WWe tend to talk a little too lightly about female movie stars after a certain age being consigned to “mother roles”: blandly sympathetic background figures who appear only to tease or nurture when needed. “Mother” shouldn’t be synonymous with mainstream cinema’s lazier, more ageless, less dimensional instincts when it comes to female characterization; the best movies about motherhood treat it as a state of being, not just a balm for others.
Many of the so-called “women pictures” of Hollywood’s golden age revolved around complex and conflicted portrayals of motherhood. King Vidor’s excellent 1937 version of Stella Dallas (Amazon Prime Video) is the sobbing mother-daughter to end them all, buoyed by Barbara Stanwyck’s heartbreaking performance as a working-class woman who gives up her daughter to secure a better life. Twenty-two years later, matching themes of self-sacrifice and class subversion merge with surprisingly keen racial politics in Douglas Sirk’s magnificent book. imitation of lifein which a white woman and her black maid are linked by difficult relationships with their respective daughters.
In 1946, Joan Crawford won an Academy Award for one of the most enduring portrayals of Hollywood single motherhood, Mildred Pierce. The title character, facing the challenges of self-employed entrepreneurship and a toxic, ungrateful daughter, is presented as a noble bastion of female resilience; becomes an unnerving double feature with Crawford’s riveting and cult biopic. Dear Mom (1981), in which the screen diva’s supposed litany of maternal abuse is indelibly presented.
As a widowed shopkeeper protecting her daughter from the brutality of World War II, another Academy Award winner, Sophia Loren, becomes a virtual monument to maternal suffering in Vittorio De Sica’s film. Two women (1960): Every defiant pose or tense, anguished expression is filmed in the manner of a religious icon. In the 1970s, single mom survival stories could take on a looser, more playful form, as in Martin Scorsese’s lovely and underrated film. Alice doesn’t live here anymoreilluminated by the warm and vivid of Ellen Burstyn as a widow wandering America in search of a better life for her son, but not without regard for her own desires and pleasures.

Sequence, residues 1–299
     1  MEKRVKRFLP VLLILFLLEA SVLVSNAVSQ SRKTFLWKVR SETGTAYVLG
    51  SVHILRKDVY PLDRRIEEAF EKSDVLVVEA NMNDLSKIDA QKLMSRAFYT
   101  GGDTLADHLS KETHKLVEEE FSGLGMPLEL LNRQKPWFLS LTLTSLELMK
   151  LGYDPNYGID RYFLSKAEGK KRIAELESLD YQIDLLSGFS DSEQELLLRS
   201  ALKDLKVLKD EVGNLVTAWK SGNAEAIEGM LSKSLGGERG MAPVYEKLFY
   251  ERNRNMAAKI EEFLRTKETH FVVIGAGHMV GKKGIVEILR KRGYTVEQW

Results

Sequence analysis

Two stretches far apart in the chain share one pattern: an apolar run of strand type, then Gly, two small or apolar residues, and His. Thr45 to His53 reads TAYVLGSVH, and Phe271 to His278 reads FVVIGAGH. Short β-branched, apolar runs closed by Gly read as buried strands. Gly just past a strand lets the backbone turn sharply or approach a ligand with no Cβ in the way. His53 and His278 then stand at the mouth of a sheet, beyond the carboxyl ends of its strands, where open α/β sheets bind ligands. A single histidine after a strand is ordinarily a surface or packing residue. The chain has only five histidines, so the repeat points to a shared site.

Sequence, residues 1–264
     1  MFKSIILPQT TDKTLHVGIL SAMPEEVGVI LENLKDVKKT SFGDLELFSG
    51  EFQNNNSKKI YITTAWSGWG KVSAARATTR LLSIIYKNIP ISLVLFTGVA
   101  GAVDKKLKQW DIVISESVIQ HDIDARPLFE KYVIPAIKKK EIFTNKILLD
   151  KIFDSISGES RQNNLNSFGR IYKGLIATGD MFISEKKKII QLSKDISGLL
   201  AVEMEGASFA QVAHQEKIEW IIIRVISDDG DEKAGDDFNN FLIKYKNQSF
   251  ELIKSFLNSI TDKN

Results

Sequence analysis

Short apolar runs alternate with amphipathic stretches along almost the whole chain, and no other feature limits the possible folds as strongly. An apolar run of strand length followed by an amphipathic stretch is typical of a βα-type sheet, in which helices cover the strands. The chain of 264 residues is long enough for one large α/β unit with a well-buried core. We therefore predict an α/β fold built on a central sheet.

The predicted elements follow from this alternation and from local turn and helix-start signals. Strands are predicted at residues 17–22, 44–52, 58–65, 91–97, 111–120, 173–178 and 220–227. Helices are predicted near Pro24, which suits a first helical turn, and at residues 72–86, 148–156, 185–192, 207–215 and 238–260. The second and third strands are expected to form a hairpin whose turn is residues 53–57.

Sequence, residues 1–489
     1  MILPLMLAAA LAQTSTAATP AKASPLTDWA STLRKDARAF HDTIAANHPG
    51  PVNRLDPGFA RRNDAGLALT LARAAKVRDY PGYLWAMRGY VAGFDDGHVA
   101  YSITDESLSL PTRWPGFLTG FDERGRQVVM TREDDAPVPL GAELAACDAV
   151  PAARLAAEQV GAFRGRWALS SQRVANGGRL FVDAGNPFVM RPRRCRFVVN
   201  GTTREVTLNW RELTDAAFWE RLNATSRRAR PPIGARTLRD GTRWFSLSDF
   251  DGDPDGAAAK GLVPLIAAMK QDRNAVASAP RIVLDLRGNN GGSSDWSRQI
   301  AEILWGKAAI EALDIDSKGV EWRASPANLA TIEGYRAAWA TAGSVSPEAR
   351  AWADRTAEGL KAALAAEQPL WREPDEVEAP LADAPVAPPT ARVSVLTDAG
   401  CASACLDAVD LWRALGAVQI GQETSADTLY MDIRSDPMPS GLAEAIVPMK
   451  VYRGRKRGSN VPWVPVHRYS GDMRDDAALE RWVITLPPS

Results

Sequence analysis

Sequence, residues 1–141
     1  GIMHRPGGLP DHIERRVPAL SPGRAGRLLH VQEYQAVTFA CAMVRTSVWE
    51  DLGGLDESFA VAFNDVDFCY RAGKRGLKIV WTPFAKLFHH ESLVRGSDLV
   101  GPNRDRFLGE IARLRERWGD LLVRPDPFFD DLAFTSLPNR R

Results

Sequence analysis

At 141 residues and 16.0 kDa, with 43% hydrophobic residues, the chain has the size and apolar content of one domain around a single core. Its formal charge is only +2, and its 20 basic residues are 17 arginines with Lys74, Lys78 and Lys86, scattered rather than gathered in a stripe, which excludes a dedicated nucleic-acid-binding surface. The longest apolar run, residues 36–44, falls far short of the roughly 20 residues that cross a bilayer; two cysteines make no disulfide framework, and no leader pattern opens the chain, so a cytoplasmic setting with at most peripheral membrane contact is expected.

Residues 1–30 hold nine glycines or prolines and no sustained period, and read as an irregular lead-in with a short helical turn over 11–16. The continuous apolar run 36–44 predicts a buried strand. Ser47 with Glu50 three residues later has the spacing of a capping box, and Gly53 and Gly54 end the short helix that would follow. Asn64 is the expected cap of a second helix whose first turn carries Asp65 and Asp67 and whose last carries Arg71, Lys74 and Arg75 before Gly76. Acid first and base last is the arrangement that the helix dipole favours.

The quintessential 1980s mom movie, James L Brooks’ Academy Award-winning hit Ties of Endearment, played it both ways, blending the tear-filled, vintage drama of a feuding mother and daughter with a gleefully titillating celebration of midlife libido: Shirley MacLaine made it all work. The Tremendous by Pedro Almodóvar All about my mother (1999), meanwhile, pondered what is to be done with maternal care and instincts after a child is lost, finding a new and tangled queer community for Cecilia Roth’s bereaved nurse to heal from.
Almodóvar dedicated his film to “all women who want to be mothers”, including his own; other filmmakers honored their mothers with more specifically personalized portraits. Greta Gerwig poured her own teenage experience into her wonderful Lady Bird (2017), a bittersweet study of a recalcitrant teenager and her frazzled mother working to regain a lost mutual understanding. From the same year, Mike Mills’ affectionate and affectionate 20th century women reflects on her upbringing by an independent mother (an Annette Bening never better) spanning different waves of feminism. Chantal Akerman, for her part, directly documented her relationship with her mother through the latter’s letters in her documentary contest news from home (1977; BFI player). We never see the older woman, but her words, read over uneasy images of the filmmaker’s adopted home in New York, etch the intimacy of separation.
Recently, more thorny and tumultuous views of motherhood have become normalized, as in Xavier Dolan’s bruises. mommy (2014), which investigates the invisible division between love and hate in a mother’s relationship with her agitated child, or in Lynne Ramsay’s gut punch We need to talk about Kevin (2011), which responds to the fear of all future parents that they will never be able to bond with their children.
The psychologically complex of Maggie Gyllenhaal The Lost Daughter (2011; Netflix) dared to sympathize with a mother who only finds herself when she leaves her children. Bong Joon-ho’s 2009 wild noir Mother (currently free on ITVX), meanwhile, questions the extremes of maternal loyalty as a mother struggles to free her son from a murder charge. And finally, the criminal investigation of Antonio Méndez Esparza life and nothing else (2017; Amazon Prime) offers one of the great modern portraits of maternal duty in the face of social and economic repression, as its protagonist (an astonishing Regina Williams) negotiates the struggles of care and self-care with a minimum wage. “Mom roles” have never been more important.
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BFI Flare 2023
Britain’s leading LGBTQ film festival has returned to a predominantly in-person edition, but for those unable to attend, a vibrant range of shorts from this year’s program are available to stream for free, while a selection of features from past Flare editions is available to subscribers.
empire of light
A curious nostalgic piece from director Sam Mendes, this portrayal of damaged souls connecting in a seaside palace in 1980s Britain feels like a multiplex full of stories rolled into one: an interracial romance from May to December, a harrowing study of schizophrenia, a sparkling paean to movie magic. It’s sincere, but clumsy.
(Cinema from Heaven)
An on-screen return to Raymond Chandler’s iconic Philip Marlowe sports shoe was a welcome idea on paper. Sadly, Neil Jordan’s Misguided Mystery Based on the John Banville Novel The blonde with black eyesit’s a hollow pastiche that misses almost nothing, from the offbeat anachronisms of the dialogue to Liam Neeson’s increasingly violent turn in the lead.